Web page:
Ermstäler Cherry

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Ermstäler Cherry

Ermstäler Knorpelkirsche

The Ermstal Clingstone cherry is a variety from the Neckar-Alb region. The regional growers also referred to it as the “heart cherry” in a literal translation (Herzkirsche). Traditionally, the wives of the fruit growers from Dettingen, a town near Erms, would walk with a wicker basket full of cherries on their heads to the markets in Urach, Reurlingen, or even up to sixty km away to Ulma. In this city people often washed the cherries with water from the main square’s fountain, to remove any eventual worms before selling the fruit. The cherries were shipped via train as far away as Bavaria: they were transported in wicker baskets covered in sheets to protect the fruit, as it is a delicate product.

This cherry tree grows quickly and forms a large canopy which is tall and wide. It doesn’t begin producing fruit until after a few years of favorable conditions, but when it does the numbers are massive. The cherries themselves are small and black and mature quite late, towards the end of the usual growing season for this fruit, but they are also long lasting. The fresh or dried cherries are used to make some of the more sought after pastries from the region. Thanks to its intense fragrance and high sugar content, the cherry is used to make spirits, liqueurs, and juices, but it is also eaten as dried fruit and in jams. There are even some wines that are enriched with this cherry’s aroma.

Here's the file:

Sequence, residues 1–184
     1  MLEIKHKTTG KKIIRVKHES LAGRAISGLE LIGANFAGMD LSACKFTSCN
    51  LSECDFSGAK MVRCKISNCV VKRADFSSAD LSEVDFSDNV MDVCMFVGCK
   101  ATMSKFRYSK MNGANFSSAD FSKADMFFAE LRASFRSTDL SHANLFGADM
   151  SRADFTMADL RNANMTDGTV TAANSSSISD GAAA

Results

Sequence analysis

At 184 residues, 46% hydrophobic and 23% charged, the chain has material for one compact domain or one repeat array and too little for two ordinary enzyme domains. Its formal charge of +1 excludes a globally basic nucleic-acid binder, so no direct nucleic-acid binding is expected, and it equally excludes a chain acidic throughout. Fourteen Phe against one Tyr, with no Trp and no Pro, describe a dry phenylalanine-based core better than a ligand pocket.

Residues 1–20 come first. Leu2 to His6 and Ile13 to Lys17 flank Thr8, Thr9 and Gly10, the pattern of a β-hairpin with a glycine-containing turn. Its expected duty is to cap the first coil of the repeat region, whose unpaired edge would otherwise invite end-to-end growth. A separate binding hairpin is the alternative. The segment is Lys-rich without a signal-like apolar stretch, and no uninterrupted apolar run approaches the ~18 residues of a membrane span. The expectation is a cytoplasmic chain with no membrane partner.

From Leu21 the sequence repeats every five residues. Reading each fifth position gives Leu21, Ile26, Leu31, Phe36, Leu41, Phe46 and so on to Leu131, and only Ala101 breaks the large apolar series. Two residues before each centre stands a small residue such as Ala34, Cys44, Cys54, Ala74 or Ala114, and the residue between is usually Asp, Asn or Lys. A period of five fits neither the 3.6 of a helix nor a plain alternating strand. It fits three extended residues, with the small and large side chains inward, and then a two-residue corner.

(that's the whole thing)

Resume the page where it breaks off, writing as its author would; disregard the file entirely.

Today the Ermstal clingstone cherry is considered too small for the market, and thus it has become unprofitable for the growers. Another disadvantage for this fruit is that it tends to fall off the tree before maturing. For these reasons the Ermstal clingstone cherries are not often found in the weekly markets around the region. There are only a few young growers who have decided to grow this cherry today. This variety is cultivated almost exclusively in Ermstal, and more precisely in the rural district of Reutlingen and Baden-Wurttemberg.

Image: © Albercht Arnold

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